MIG gives lecture at NewtonFund Glycosciences Event
Matt Gibson gave an invited talk at the Newton Fund supported Glycoscience event, held in Guanajuanto, Mexico. The theme of the meeting was Biotechnology and Glycotechnology Tools for Human Health. Matt summarised the groups reserach in glycan-inspired biomaterials with a particular focus on 'easy' diagnostic tools for infection.
Group Attend RSC Carbohydrate Meeting, Dublin
On 7/8 September 6 members of the group attended the RSC Carbohydrate Group's annual meeting, held at Trinity Colleage Dublin. The meeting featured many excellent talks including Plenary's from Gert-Jan Boons and the Dextra Medal winner, Carman Galan.
Latest Work Published in ACS Macro Letters
Our latest work on antifreeze-protein mimetic polymers has been published in ACS Macro Letters. We have a major research interest in developing polymers which can mimic the function of antifreeze proteins; specifically their ability to slow the rate of ice crystal growth (recrystallisation). Ice recrystallisation is a major problem during the cryostorage of cells for medicine, transfusion, transplant and basic cell biology, hence understanding how these polymers function will help us make new, safer regenerative medicine treatments.
We have previously shown that poly(vinyl alcohol), PVA, is a remarkable ice growth inhibtor, but we do not really understand exactly how it works. Here we used column chromtography to isolate near-monodisperse fractions of PVA. The starting polymers, made by RAFT, would normally be described as being 'well defined' with a dispersity of 1.2 However, this still contains a complex mixture. This work showed that polymers with DP = 10, when monodisperse, had a lot less activity than DP 10 with more dispersity and the activity was attributed to the high molecular weight tails. This helped to us to identify how long a polymer must be, to be active (above ~12 units) and will guide our future work.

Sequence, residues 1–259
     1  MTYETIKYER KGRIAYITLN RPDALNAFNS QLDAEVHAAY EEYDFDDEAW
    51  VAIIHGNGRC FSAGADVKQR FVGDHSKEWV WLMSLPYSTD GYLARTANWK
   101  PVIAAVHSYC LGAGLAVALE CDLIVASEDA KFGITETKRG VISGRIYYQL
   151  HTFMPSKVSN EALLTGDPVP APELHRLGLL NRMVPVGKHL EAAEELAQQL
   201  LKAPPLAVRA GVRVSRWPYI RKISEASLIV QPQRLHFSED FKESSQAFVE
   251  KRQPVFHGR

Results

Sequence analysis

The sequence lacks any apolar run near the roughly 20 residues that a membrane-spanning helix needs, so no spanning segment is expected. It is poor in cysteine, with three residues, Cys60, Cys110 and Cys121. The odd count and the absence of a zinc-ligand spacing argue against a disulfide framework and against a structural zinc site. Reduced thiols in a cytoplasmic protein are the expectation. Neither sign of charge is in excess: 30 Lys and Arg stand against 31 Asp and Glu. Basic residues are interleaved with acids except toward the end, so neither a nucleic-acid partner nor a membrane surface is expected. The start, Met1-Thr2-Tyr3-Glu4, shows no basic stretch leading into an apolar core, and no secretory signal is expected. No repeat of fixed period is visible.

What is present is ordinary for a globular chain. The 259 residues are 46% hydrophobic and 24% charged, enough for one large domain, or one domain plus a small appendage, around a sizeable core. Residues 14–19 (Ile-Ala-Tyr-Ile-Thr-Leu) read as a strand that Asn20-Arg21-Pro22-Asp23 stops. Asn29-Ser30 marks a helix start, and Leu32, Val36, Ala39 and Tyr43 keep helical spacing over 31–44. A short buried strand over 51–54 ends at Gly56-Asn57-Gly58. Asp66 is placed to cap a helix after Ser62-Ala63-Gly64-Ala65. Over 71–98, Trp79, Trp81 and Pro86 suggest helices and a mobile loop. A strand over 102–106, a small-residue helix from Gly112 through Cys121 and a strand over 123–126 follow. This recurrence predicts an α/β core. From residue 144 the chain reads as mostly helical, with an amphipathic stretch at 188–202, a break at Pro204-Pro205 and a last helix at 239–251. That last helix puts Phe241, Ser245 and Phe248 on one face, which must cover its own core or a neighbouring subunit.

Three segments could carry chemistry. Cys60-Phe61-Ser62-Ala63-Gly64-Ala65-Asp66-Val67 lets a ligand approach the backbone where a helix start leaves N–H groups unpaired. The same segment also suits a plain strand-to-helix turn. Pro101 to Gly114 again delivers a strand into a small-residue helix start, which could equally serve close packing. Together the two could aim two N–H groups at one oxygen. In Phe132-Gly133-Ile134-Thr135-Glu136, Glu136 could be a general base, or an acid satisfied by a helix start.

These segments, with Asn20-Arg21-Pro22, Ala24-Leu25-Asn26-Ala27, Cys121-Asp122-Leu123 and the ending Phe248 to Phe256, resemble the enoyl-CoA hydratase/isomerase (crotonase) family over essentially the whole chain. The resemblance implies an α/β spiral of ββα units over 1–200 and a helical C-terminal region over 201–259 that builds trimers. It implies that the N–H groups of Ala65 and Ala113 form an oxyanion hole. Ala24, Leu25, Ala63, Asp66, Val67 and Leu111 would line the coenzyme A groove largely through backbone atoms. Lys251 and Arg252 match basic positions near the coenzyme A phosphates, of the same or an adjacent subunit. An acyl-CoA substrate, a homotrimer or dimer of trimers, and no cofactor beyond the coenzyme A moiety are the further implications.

This work was conducted by an undergraduate student, Nick Vail during his MChem placement.
Group Attend 3rd Ice Binding Proteins Conference and Invited Talk
Matt, Ben and Alice attended the 3rd Ice Binding Protein Conference in Rehovot, Israel. This is the words premier gathing of scientists who work on ice binding ('antifreeze') proteins. Matt gave an invited lecture describing the groups recent successes in mimic the function of antifreeze proteins with polymers, but also lower molecular weight compounds, challenging established concepts about what is possible in this field.
Graphenic Ice Nucleators Published in PCCP
Our latest work in mimicing Nature's solutions to controlling ice growth and formation has been published in Physical Chemistry, Chemical Physics. We have previously studied the use of synthetic polymers to mimic antifreeze proteins - essentially to stop ice crystals from growing larger, which has a major impact on cellular cryopreservation for regenerative medicine. However, the formation of ice (nucleation) is also an incredibly complex process which is also important in cell cryopreservation. There are few known ice nucleators and most are inorganic minerals (dust) rather than molecular systems. In this work, in collaboration with Jon Rourke, we took base washed graphene oxide (bwGO) as a scaffold to develop new nucleating agents. bwGO has epoxide groups, which we exploited to graft various thiols, including small molecules and polymers, to the surface. Using a multi-point nucleation assay we identified several candidates which were potent nucleators.